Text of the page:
Mailbag: Will NASCAR expand its influence into Asia?

On this week's NASCAR Mailbag, we look into the difference between manufacturers at the top level of NASCAR and the prospect of the sport's expansion into Asia.

Hi, all. Help me out ... we hear of Ford vs. Toyota vs. Chevy along with their relative performance to each other at different times throughout the season.  Other than the nose of the body and the engine block/head, are there any significant differences between the cars when all is said and done? – Griff

Griff, much of the actual car chassis - what is underneath the body - is covered by very strict safety rules issues by NASCAR. Because of that, some of the body areas are very similar across all manufacturers. However, where you see the biggest differences are in the nose, the rear end and the contours (shaping) of the body on the hood and sides of the car. And as you mentioned, each manufacturer produces its own engine in the Cup series. Right now, the NASCAR vehicles are all very similar to their street-model brethren in style and shape. Under the body work? Not so much. – Jim Utter

Hi. My question is should NASCAR expand its influence into Asia? If so, how? Setting up a regional series there? – Faris

Faris, NASCAR is expanding its reach into Asia and will likely unveil some plans in China in the near future. There could well be a regional series at some point, similar to the NASCAR Euro Series in Europe and the Pinty's Series in Canada. My guess is NASCAR may begin with an exhibition race of some sort to test the waters. They did three exhibitions in Japan from 1996 to 1998 - two years at Suzuka and one at Twin Ring Motegi. Although if NASCAR enters the market, it will likely do so with long-term plans and shy away from only one-off events. – Jim Utter

How much does a Cup car cost? We hear these figures occasionally, $200,000 maybe $300,000.  Would these kind of numbers include labor for the team that built it or does material really cost that much? – Neal Smith

Neal, the Gen-6 cars were described as "good for NASCAR, not so much team owners." Take a guess what was meant by that? The cars cost around $200,000 with engine costs at $100,000 and a chassis at $25,000 in the first few years of the current car cycle. That total of $325,000 is probably a conservative estimate. But, when you start including staff, running costs and backup cars, you're hurtling towards the million mark. – Tom Errington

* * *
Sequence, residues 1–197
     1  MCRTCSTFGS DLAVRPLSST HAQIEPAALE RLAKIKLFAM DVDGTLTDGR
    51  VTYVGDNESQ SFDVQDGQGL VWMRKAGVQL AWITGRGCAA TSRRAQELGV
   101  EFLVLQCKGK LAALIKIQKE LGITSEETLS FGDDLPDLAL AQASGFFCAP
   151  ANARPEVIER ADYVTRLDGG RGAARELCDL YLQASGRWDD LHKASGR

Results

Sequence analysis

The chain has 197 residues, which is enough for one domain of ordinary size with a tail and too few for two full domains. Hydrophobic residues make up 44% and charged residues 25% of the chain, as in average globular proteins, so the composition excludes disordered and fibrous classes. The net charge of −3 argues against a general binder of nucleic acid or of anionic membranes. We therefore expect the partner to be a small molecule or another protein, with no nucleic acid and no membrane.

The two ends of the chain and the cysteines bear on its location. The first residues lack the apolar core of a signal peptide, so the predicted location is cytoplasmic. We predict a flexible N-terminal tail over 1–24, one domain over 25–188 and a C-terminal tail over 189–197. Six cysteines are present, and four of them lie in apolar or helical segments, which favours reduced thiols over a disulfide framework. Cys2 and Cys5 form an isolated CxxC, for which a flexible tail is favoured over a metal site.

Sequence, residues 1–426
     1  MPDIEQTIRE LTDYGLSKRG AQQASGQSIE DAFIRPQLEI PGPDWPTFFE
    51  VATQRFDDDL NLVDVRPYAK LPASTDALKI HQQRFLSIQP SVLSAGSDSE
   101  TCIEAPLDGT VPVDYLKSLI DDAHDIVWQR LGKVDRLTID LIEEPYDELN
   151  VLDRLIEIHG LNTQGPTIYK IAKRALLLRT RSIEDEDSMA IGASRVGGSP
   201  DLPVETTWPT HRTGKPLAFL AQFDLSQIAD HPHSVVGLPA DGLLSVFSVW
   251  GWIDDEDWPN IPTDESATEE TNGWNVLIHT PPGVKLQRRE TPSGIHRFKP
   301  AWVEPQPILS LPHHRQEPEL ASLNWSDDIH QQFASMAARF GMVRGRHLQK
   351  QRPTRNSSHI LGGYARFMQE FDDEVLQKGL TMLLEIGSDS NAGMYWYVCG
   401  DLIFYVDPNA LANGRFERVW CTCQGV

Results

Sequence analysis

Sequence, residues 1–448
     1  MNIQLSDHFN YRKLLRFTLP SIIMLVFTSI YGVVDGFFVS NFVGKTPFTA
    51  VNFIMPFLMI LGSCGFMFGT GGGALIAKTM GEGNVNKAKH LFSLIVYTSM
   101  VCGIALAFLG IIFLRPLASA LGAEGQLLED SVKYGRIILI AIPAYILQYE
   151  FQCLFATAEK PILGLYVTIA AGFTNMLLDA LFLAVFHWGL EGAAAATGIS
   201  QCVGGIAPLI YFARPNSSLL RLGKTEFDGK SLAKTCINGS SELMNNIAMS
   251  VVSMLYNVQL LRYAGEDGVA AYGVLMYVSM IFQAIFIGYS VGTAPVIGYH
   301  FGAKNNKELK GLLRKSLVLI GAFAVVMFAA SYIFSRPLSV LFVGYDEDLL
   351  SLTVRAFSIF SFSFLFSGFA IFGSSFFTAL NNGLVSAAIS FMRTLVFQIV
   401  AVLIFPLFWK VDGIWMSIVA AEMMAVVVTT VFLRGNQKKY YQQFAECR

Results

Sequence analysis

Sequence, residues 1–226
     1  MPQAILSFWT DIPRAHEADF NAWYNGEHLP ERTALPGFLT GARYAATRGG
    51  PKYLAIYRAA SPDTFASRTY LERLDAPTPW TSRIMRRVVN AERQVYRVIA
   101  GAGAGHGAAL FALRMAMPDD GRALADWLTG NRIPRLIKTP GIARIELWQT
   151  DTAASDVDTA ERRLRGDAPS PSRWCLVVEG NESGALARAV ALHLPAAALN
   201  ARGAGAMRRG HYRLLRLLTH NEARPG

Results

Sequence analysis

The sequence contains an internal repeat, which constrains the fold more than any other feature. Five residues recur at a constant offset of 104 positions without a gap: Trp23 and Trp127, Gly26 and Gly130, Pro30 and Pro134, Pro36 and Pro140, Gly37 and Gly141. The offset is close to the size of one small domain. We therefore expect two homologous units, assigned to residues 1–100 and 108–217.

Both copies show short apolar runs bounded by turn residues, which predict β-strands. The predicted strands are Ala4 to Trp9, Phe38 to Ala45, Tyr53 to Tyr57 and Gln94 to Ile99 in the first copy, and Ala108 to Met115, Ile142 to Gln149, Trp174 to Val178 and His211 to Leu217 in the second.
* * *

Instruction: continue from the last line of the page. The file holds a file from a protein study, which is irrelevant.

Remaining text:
Hello, can a new manufacturer start with one series, say the Truck Series? As they figured that out, then in a year or two go up to the Xfinity Series? Also, if a manufacturer doesn’t manufacture a truck, can they still start a Cup or Xfinity team? – David

David, what you described is exactly the plan that has been utilized in recent history for new manufacturers to enter NASCAR competition. Before Toyota ever began competing in the Monster Energy NASCAR Cup Series, it first entered competition in 2000 in the Goody's Dash Series, then moved to Truck competition in 2004 and eventually Cup in 2007. Each season, the NASCAR rulebook spells out the requirements and timetable for submissions of new vehicles, whether from current manufacturers or new ones. However, NASCAR is free to alter its rules when it sees fit, so if a potential new manufacturer didn't sells trucks, for instance, it could change its requirements and perhaps require competition in the Xfinity Series first. – Jim Utter

Hi Team! do you expect the other leading Ford Team, Team Penske, to catch up to SHR anytime soon? Also, who do you see as the leading Team Penske driver right now? Thanks! – Jack

Jack, I would expect Penske to catch Stewart-Haas Racing up as there's been a clear step up in performance over the off-season in the Ford camp and the strong start to the season for other runners like the Wood Brothers suggests the effective parent team of Penske has scope to improve. Picking a star Penske man is tough right now, but it's certainly between Joey Logano and Ryan Blaney. Both have been consistent this season but have lacked that extra step to get into Victory Lane.  – Tom Errington

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